I will definitely have to read your budget post!! I might find some good ideas to try out there too! :)

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    2. For what it's worth, back when hubby was working regularly as a nurse, our budget was around $500 to $800 easily. As income went down, so did the budget.

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    3. She has Darling Downs Diaries, http://darlingdownsdiaries.com/

      You can get to it from here--it's on the left hand side that updates each time one of my favorites posts. :)

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  6. It's all very interesting. It is amazing how much you can economize when you don't have the money to buy big. There is one blessing in all of this and that is when (or if) things get really tough, you and I will know how to live very cheaply and it is a concern of mine that others won't. When we sold our big farm 16 years ago my husband struggled to find work and when he did he only earned $360 a week. In Australia this is a very low wage and we had a mortgage to pay as well. God really convicted us to get out of debt so we sold up. Before then we were paying all our bills off and it seemed that we were never on top of anything. We used to run a market garden selling to the public and we used to grow all our own vegetables. We learned to live on what we had and spent less than $60 a week at the store. We had to do this and it taught us a valuable lesson. We still don't have a big income but we have skills and gifting that help us live cheaply. It is amazing that you have been able to drop $300 to $500 a month on groceries purely out of necessity. I am sure in the long run that is going to be a blessing to you all. Thanks again for all that you write and I am still working on my post about this. Have a great week. Blessings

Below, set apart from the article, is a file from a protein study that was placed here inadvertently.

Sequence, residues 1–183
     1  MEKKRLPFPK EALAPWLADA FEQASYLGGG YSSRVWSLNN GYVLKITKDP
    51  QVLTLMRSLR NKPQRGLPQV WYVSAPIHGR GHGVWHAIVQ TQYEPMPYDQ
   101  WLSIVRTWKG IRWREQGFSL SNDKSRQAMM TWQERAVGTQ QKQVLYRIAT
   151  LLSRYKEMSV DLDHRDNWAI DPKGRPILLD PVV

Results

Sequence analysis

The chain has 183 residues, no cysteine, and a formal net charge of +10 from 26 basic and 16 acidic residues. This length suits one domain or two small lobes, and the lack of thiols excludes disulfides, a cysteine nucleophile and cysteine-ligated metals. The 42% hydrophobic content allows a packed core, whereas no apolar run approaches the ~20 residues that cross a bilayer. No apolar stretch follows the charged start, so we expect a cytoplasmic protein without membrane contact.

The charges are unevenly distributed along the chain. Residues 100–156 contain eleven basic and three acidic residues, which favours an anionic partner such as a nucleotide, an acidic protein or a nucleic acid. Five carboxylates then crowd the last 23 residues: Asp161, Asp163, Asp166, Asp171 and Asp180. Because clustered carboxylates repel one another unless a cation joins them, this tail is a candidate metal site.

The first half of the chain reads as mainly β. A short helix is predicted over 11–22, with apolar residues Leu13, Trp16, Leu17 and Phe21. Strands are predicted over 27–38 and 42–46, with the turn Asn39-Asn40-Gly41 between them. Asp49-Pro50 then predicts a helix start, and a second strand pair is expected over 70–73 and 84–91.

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    1. OOOOh, believe me it was hard to start with. I simply cried. It was rough, but once we started cutting out boxed meals, junk food, pizza--lots of pizza, packaged chicken nuggets and fries, eating out, and so on, it made a huge difference. We had so much junk and prepackaged stuff that really ballooned what we spent. It was so much convenience food that could be microwaved and didn't make me do much cooking. Hubby worked what he was allowed under disability law--(hubby is an RN but was disabled after injuries and 2 back surgeries left him unable to lift and work the floor and such full time), and it really upped our food budget. When he stopped working and other things dropped our income down to almost 1/2 of what it was, food had to go down fast. I started doing things that I remembered my parents doing, what my aunts and cousins did--they were all from 1920's to 1940's born and were raised on Depression Era cooking and farm family stretch the meals type foods. There was a riot in our house for a bit, but no one starved, no one died, and we were able to bring the food budget down from $500-$800 down to $200 average. Now we supplement income with small side jobs that provide extra as the Lord provides (which seems to go to insurance premiums or emergencies more than anything). Hubby has taken on work that is easier on his body and is a few hours a week and pays much less than a nurse, but still allows him to work. I have a few hours here and there doing the same type of work. I've sewn items in the past to sell, sold at Farmer's Market, and so on to add extra money to the overall budget. I'm considering adding to my Etsy shop soon, some quilted items from repurposed fabrics, maybe some home decor, etc. God takes care of the needs as they arise, and He sends extra sometimes right before the need comes up--it's almost a given if we're given a lot of hours or extra income comes in, there's a big bill/emergency/vehicle breakdown on the horizon that is right there to be paid with what the extra hours bring in.